Rarely, if ever, has a defence debate in this House taken place against a backcloth of such dramatic events. Year upon year there have been demands, not exclusively from the Opposition, for a strategic defence review so that our commitments world-wide can be matched by the size of the resources we make available to our Armed Forces. Perhaps I may say to my noble friend Lord Monkswell, whose speech I regret to say I did not hear but has been reported to me, that he should understand that the Labour Party policy on defence is that we should provide adequate resources capable of matching the commitments which we undertake. That is common sense. That is why it is Labour Party policy. And that is why I commend it to my noble friend.

I said on one occasion when winding up one of these defence debates and speaking for myself that I thought that the suggestion that there could be a peace dividend in the world we live in today is an illusion. That remains my view. If we promise to cut defence expenditure without realising the undertakings we are committed to—for example, in Bosnia—we are deluding ourselves and the country. That is not a policy for the Labour Party or for anyone else.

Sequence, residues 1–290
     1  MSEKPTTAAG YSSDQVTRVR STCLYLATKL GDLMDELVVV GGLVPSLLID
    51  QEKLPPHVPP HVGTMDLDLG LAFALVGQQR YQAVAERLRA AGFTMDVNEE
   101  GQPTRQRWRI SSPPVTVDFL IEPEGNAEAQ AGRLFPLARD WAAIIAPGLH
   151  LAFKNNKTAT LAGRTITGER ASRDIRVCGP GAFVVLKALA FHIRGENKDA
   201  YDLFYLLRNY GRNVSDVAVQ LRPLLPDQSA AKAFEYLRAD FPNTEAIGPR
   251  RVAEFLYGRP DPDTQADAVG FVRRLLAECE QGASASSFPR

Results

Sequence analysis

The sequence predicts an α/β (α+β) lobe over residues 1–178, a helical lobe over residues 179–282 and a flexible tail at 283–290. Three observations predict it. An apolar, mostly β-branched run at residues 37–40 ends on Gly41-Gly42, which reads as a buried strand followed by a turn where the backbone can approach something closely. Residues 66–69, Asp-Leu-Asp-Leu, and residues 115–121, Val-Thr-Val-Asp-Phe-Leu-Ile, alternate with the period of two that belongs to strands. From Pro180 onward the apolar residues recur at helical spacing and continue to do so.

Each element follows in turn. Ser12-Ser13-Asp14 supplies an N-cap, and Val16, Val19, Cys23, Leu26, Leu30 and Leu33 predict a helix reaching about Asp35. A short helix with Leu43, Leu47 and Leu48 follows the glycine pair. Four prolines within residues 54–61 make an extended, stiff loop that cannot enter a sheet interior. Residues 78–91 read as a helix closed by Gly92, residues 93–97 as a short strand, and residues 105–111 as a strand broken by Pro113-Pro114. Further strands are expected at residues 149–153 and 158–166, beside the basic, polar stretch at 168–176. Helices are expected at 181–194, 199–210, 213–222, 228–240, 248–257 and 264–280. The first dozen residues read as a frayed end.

This year three major policy issues dominate our consideration. Some of them have enormous military consequences yet it is impossible to escape the conclusion, after a study of the estimates and after listening to noble Lords, that a political and strategic vacuum exists in respect of each of the three issues with which I wish to deal. The first is the changing role and membership of NATO and its relationship with the United Nations. The second is the commitment to a comprehensive test-ban treaty. The third is the catastrophic situation confronting the world in Bosnia.